Q: I have a climbing hydrangea that was on our chimney and almost two stories tall. It was blown off the chimney during the storm but did not snap the trunk, which is about 3 to 4 inches in diameter at the base. If I could get it lifted back on, do you think I should reattach it to the chimney? If so, how? Otherwise, should I cut it back to a certain height?
A: If the main trunk hasn’t snapped you can certainly save this fine old hydrangea. This fall carefully protect the plant with a thick layer of straw. Additionally, a layer of landscaping burlap will help to allow moisture through and keep the straw and the plant immobile. Also, take the time this winter to construct a very sturdy trellis so it doesn’t happen again to this heirloom plant.
Next spring, as soon as the weather and temperatures are above freezing, carefully unpack the vine from the straw and secure it to the new trellis. Hopefully it will be fine for decades to come.
Q: I always buy many bags of composted soil to fill holes after planting bulbs in my garden in the fall, as well as to mound up around roses and other perennials for the winter. I also use some of the soil to start seeds in late winter and for geranium cuttings. But every brand seems to give me different results. How can I make the composted soil better?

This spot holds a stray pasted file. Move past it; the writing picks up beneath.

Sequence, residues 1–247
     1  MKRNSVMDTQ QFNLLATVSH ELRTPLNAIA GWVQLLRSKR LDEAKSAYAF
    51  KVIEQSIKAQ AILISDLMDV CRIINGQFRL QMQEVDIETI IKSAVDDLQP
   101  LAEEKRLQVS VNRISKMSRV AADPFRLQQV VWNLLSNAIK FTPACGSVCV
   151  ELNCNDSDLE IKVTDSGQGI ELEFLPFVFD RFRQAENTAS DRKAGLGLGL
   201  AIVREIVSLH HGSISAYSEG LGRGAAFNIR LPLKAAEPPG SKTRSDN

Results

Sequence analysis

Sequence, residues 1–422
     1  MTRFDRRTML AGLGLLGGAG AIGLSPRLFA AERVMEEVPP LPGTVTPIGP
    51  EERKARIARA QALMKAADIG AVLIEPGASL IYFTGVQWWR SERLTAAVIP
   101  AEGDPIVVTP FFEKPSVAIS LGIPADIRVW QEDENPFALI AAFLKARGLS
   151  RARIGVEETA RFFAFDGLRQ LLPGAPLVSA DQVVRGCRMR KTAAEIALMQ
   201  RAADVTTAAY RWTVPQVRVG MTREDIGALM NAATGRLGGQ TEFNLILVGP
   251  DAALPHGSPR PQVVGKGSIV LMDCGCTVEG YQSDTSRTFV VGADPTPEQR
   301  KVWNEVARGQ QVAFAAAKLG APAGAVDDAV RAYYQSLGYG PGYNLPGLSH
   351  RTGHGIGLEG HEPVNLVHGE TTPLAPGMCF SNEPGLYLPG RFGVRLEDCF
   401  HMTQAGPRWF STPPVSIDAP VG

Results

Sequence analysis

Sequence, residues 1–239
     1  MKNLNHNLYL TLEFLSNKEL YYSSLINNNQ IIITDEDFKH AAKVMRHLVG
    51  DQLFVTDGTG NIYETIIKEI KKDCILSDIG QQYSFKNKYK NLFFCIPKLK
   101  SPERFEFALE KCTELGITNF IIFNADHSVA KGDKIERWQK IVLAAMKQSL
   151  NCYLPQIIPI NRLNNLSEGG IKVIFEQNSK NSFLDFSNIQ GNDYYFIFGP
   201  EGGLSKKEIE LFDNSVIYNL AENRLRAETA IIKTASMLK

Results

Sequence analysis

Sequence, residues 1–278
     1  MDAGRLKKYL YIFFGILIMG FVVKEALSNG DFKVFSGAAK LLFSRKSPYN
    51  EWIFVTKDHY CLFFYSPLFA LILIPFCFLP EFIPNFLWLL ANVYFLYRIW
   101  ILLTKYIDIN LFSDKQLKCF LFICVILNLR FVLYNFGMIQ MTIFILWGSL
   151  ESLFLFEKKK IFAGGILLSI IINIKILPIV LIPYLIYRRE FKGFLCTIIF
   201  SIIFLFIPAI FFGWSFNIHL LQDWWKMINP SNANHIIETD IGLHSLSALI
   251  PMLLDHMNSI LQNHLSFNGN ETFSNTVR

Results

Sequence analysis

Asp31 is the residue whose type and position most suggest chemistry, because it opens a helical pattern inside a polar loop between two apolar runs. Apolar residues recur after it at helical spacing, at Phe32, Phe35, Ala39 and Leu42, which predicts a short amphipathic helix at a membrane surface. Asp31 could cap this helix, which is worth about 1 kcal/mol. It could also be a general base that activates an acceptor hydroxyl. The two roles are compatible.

A: Composted soil in bags is mass produced and the maker has a formula and sources for his brand. Try adding compost from your own compost pile of garden and grass clippings, particularly if it contains food items or special manures like from pigeons or poultry, or fish products or coffee grounds. Make your compost healthy with a variety of material — it’s healthier.